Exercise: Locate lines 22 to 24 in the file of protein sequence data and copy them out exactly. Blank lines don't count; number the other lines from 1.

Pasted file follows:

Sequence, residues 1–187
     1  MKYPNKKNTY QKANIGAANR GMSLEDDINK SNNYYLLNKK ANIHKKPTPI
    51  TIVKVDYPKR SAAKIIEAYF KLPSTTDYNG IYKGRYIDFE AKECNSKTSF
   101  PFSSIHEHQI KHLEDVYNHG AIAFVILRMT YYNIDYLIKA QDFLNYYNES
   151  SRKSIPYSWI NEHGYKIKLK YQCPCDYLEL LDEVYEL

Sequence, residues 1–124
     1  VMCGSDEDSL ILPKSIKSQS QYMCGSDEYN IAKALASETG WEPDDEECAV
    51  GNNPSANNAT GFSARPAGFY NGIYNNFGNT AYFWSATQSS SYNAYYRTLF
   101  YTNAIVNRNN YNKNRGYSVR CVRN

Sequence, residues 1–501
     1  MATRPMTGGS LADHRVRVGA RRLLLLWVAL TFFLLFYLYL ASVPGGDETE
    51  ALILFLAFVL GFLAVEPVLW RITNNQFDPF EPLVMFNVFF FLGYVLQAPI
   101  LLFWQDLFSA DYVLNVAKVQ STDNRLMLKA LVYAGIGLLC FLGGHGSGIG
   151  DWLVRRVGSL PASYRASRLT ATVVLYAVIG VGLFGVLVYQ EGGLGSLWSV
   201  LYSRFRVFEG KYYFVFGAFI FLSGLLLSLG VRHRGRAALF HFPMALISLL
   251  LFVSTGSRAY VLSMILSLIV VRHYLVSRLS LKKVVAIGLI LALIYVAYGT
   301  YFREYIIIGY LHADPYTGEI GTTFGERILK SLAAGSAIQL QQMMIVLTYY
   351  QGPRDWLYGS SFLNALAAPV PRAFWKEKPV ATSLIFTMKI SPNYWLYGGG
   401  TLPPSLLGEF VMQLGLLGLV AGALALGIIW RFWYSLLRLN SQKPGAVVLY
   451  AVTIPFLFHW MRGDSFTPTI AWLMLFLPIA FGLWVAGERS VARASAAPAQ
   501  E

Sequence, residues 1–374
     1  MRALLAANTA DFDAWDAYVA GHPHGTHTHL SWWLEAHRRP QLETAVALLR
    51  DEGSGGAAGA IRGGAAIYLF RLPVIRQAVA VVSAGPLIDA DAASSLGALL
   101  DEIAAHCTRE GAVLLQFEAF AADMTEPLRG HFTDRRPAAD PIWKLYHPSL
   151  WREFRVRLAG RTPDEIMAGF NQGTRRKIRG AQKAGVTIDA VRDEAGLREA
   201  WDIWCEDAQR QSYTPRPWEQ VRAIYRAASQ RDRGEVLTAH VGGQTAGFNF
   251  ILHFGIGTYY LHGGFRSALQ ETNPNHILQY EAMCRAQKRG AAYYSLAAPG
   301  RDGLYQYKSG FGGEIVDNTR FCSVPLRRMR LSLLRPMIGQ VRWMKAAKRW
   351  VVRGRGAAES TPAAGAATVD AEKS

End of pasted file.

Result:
Sequence, residues 1–374
     1  MRALLAANTA DFDAWDAYVA GHPHGTHTHL SWWLEAHRRP QLETAVALLR
    51  DEGSGGAAGA IRGGAAIYLF RLPVIRQAVA VVSAGPLIDA DAASSLGALL